I-I-Iggy the I-I-Iguana
Rationale:In order for beginning readers to become successful in reading and writing, they must first understand and recognize that each letter in the alphabet represents a sound. By learning the sound(s) that each letter makes (letter/sound correspondence), a struggling reader can become a successful reader. Of the many sounds and letters in the alphabet short vowels are difficult to identify. This lesson will focus on the correspondence i = /i/. It will guide students to use and identify the correspondence in a meaning context, writing and reading.
-Letterboxes with at least six Elkonin boxes (it, win, sick, clip, list, crisp, sprig, splint)
-Letters – i, t, w, n, s, c, k, l, p, t, r, g
-Book – Pig William by Arlene Dubanevich (New York: Bradbury Press. 1985.)
-Spelling quiz sheets for the lesson words
1. Introduce the lesson by explaining that the English language is like a code that we have to break. We can break the code by recognizing the letters and sounds in words that we read. Most importantly, we need to know that each letter has a sound that corresponds with it. For example, the letter “I” makes the /i/ sound. Today we are going to work with the /i/ sound. Do you think we can find this sound and its letter in words that we read and write? Let’s find out!
2. Have you ever shivered in your house because it was could? In places where it is really cold, some people shiver in their houses. These houses are called igloos. Can you hear the /i/ in the word igloo? Pay close attention to how your mouth moves when you say the /i/ sound. Whenever we make the /i/ sound I want you to act like you are cold and shiver.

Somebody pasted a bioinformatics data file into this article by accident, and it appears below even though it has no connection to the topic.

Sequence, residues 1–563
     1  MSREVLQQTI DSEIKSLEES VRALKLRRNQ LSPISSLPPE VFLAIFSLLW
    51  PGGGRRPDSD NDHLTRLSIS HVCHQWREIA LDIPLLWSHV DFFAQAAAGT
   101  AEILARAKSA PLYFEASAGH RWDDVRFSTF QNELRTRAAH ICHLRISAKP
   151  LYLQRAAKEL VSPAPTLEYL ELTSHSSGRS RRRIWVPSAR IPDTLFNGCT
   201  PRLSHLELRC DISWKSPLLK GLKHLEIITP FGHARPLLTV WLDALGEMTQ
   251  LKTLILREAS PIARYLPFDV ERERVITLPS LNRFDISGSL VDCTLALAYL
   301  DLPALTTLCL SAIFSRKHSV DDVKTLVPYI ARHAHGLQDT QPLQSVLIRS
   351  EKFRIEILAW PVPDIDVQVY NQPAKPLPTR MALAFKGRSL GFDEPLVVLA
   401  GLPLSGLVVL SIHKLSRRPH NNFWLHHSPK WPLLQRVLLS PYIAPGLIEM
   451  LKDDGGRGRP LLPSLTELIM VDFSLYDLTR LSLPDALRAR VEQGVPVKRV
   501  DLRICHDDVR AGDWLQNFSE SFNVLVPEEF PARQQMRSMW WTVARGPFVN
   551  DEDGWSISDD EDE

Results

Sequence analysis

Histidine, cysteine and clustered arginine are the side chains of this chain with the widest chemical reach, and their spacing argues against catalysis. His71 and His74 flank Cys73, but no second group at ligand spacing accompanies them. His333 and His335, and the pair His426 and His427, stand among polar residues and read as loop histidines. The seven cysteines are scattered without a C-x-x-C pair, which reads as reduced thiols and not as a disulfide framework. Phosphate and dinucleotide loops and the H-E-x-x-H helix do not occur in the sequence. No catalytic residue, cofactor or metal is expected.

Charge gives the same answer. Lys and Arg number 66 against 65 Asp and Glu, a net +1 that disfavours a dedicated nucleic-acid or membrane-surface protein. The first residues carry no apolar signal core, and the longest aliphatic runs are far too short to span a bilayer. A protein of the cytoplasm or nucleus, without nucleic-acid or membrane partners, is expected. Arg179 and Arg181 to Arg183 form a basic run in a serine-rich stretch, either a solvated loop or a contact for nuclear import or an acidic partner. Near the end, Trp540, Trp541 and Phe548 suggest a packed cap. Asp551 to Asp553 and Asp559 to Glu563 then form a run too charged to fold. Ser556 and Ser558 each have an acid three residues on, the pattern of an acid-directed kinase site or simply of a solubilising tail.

3. Let’s say this sentence together: Iggy the Iguana is swimming by the igloo. Now, let’s say the sentence by holding out the /i/ sound. iiiiiiiggy the iiiiiiiguana iiiiiiis swiiiiiimmiiiiiing by the iiiiiiigloo. Now you try.
4. Now, I am going to see if you can remember the /i/ sound. I want you to try to recognize and find it in some words. I am going to read two cards with words written on them. When I finish saying the words I want you to tell me which word has the /i/ sound in it. Read and hold up the cards big and beg. Which word makes the /i/ sound? Very good it is biiiiiig. Continue with the rest of the cards. Good Job!!
5. Now we are going to use our letterboxes. I am going to say some words and I want you to put the letters in the boxes for the words that I say. I will show you the first time. I want to spell the word /s/ /p/ /i/ /n/. Each letter sound will have its own box. So, for the word spin /s/ will go in the first box. The /p/ goes in the second box. The /i/ goes in the third box. And finally the /n/ goes in the last box. What does this word say? Read it to me. Spin. Good Job! Now I want you to spell the words that I say. Say the words out loud. (guide students as to how many sounds the word has). Everyone did a GREAT JOB! Now, the words are written on the board. I want everyone to read them together as a class. Follow along with me. Good Job!
6. I am going to read you a book. We are going to practice recognizing the /i/ sound when we read. The /i/ sound is in some words and we need to find them. We need to listen very carefully. Read the book aloud. Practice locating the /i/ sound and the letter “i”.
For assessment I will give a spelling quiz. It will asses students knowledge of the /i/ sound and their phoneme awareness. I will give each student a prepared spelling sheet. It will have boxes for each word that I call out. Students will listen to the word and write it in the boxes, splitting up the phonemes in the correct boxes. I will first call out words with the least phonemes and then move to higher phoneme words.
Miller, Britian. Indiana Igloo.
Click here to return to Explorations.
For further information , send e-mail to Mandy Williamson.